The Catholic customs at the heart of the coronation of the British king

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The Westminster Abbey, London. Shutterstock

The coronation of King Charles III in London on May 6 will not affect the United States, but Americans are hypnotized by British royalty, so many Americans will follow the events of that day with interest.

It will be a very religious ceremony, of the Established Church, as the Anglican Church officially is called in England, but with many Catholic antecedents, references and symbols, even Gregorian chant.

The site will be Westminster Abbey, not St. Paul’s Cathedral, the primary Anglican church in London. Westminster Abbey was a monastery, of the Benedictines, the oldest religious order in the Catholic Church, a group still very much alive and well today. (Benedictine abbeys run St. John’s University in Minnesota, St. Leo University in Florida and Belmont Abbey College in North Carolina.)

The abbey was founded as a Catholic monastery a thousand years ago. It functioned as a Catholic monastery until 1539 when King Henry VIII, breaking with the Roman Church, closed it as a monastery but kept it as a church. Housing the tomb of St. Edward, himself a king, English kings and queens to this day have been crowned there.

Indeed, Charles will wear St. Edward’s crown.

Once, the centerpiece of every coronation was the celebration of Mass. That went away after Henry VIII, but Charles III’s coronation will feature communion, or the Anglican Eucharist.

St. Augustine, an Italian Benedictine monk, not the great African theologian, brought Catholicity to England in the late sixth century. He established the first English diocese in Canterbury, in Kent. Historically, his successors, archbishops of Canterbury, have crowned monarchs, although, since Henry, the archbishops have been Anglicans.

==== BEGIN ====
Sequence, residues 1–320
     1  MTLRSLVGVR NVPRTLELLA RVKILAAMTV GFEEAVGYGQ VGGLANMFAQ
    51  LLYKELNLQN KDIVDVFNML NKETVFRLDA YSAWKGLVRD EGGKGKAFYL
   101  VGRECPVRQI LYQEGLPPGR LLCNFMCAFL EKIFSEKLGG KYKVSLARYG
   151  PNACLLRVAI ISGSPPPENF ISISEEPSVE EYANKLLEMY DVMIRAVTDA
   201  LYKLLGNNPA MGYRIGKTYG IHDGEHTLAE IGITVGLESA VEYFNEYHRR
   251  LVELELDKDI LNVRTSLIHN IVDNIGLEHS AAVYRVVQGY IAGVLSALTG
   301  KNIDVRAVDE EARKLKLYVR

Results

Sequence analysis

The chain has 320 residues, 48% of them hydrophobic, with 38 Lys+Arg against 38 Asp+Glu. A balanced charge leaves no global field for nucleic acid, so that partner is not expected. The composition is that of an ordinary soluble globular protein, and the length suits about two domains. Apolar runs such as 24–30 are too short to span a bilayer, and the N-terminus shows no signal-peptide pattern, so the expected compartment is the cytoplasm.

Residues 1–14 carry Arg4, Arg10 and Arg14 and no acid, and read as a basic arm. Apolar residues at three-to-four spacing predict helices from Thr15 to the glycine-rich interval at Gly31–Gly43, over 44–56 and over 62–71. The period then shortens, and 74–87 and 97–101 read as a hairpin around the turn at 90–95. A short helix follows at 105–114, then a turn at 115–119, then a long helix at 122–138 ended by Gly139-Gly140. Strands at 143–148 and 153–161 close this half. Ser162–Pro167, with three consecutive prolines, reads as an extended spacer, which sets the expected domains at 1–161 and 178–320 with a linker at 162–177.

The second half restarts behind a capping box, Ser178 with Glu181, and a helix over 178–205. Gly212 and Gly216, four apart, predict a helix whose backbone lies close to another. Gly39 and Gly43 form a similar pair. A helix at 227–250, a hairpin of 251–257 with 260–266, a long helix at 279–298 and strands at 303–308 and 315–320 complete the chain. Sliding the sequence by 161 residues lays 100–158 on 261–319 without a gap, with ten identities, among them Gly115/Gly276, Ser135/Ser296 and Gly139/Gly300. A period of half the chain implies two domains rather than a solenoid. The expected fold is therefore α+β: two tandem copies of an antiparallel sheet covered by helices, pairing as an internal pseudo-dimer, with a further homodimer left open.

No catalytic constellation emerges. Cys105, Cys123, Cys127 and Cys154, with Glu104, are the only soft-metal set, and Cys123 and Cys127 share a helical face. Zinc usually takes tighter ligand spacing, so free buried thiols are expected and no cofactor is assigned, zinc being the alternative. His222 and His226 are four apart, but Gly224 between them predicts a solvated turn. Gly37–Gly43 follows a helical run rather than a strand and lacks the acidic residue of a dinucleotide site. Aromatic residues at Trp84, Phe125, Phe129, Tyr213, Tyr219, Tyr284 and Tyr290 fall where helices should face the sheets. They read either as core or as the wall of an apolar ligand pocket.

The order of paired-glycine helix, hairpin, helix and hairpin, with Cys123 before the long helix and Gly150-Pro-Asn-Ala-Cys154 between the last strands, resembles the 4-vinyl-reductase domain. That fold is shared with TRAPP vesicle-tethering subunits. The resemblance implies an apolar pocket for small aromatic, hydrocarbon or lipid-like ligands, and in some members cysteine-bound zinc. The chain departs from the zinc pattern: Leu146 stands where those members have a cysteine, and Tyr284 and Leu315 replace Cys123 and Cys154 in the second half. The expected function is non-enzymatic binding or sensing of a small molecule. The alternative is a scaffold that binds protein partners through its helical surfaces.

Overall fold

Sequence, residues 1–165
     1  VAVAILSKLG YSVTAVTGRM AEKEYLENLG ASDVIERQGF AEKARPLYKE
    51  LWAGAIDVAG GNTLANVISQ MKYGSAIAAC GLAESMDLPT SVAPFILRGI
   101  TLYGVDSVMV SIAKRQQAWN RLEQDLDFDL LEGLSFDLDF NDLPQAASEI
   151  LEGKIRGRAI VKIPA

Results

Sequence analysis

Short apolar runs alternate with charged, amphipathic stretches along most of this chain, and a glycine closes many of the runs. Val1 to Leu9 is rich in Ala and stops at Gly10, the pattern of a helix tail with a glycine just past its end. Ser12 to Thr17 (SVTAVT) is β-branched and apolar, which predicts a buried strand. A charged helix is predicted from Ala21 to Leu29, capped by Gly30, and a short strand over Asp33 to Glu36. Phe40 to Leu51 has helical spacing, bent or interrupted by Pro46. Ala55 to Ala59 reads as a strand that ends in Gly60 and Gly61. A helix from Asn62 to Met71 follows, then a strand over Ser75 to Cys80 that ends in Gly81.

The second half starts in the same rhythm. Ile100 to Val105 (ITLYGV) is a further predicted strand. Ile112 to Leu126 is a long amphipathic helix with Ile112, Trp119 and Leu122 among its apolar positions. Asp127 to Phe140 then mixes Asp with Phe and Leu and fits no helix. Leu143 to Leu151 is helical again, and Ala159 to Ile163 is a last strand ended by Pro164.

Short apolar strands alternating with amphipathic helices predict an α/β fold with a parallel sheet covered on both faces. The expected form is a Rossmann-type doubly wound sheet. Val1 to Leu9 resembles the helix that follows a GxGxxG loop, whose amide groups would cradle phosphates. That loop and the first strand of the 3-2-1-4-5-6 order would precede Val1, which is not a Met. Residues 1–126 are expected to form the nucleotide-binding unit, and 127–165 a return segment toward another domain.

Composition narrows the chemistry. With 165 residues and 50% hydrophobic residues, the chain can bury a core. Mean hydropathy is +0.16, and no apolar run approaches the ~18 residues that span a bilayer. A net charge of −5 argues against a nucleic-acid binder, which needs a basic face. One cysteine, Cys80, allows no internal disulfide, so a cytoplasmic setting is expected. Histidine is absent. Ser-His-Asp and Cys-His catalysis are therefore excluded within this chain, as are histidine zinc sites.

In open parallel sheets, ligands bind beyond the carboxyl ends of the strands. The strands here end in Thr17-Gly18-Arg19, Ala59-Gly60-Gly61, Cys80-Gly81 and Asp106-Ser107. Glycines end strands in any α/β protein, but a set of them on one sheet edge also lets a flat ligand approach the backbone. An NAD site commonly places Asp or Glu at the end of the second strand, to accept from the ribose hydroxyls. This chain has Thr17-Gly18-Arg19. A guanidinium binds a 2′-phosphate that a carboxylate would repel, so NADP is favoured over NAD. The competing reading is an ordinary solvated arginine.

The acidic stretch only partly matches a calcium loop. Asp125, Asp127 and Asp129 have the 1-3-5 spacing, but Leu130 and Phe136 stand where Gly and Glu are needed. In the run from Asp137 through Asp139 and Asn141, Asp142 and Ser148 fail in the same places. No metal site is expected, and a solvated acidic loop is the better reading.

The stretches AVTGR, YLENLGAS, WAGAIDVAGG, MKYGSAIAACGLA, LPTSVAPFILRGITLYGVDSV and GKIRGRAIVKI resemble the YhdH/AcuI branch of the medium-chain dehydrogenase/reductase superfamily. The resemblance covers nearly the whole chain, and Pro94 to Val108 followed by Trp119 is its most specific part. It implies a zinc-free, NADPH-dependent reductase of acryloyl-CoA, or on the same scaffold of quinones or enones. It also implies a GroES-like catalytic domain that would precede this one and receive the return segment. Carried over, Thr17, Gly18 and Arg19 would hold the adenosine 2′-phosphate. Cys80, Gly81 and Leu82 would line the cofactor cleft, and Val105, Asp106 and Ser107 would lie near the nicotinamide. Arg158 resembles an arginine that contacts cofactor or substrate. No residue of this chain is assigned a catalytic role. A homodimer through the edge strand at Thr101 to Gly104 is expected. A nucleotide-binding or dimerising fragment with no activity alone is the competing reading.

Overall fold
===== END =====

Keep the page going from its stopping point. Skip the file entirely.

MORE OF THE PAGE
Christian bishops crown British monarchs, by law, to say that all authority comes from, and is subject to, God.

The archbishop will anoint Charles III. Anointings with specially blessed olive oil have been Catholic ceremonial since the apostles. Sick people are anointed. Priests are anointed on their hands to infuse divine power into them as priestly duties are performed. Bishops are anointed on their heads, that divine guidance will dwell in their decisions as they govern dioceses.

Kings are anointed on the breast with the prayer that divine mercy will fill their hearts as they reign.

Charles, the new king, always has been openly friendly to Catholics. He was close to the late Cardinal Basil Hume, the principal Catholic bishop in England. Charles attended the funeral of Pope St. John Paul II, who, it is said, greatly impressed Charles.

Pope Francis recently sent to the king, as a gift on this occasion, a relic of the true cross.  It may be displayed in the ceremony. The Pope also will send a representative.

Crowned with Charles will be his wife, Queen Camilla. Wives of kings customarily are crowned, but her coronation will break with tradition. Charles and Camilla are not married in the Anglican Church since she is divorced. No divorced person has ever been crowned.

Her first husband was, and is, a Roman Catholic. Married in a Catholic ceremony, by a Catholic priest, he and she reared their children as Catholics.

Members of the royal family will participate. Several of them are practicing Catholics.

While Henry VIII’s break with Rome was ferocious, four Catholic princesses eventually became queens of England as wives of Protestant kings, among them Queen Henrietta Marie, the wife of Charles I, who reigned from 1625 to 1649. Devoutly Catholic, daughter of the French king, Henri IV, Henrietta Marie, for whom Maryland is named, absolutely refused to be crowned, because a Protestant cleric would officiate.

The coronation will be English, occurring in England, but Charles III also is king of 13 other sovereign, fully independent, separate nations, including Australia, Canada, Jamaica, Bahamas, and New Zealand, under their constitutions. All have many Catholic citizens. He is king of Northern Ireland.

After Henry VIII, coronations included each monarch’s repudiation of Catholicism. This was removed a while back to avoid insulting Catholics.

Msgr. Owen F. Campion is OSV’s chaplain.

Msgr. Owen F. Campion

Msgr. Owen F. Campion is OSV’s chaplain.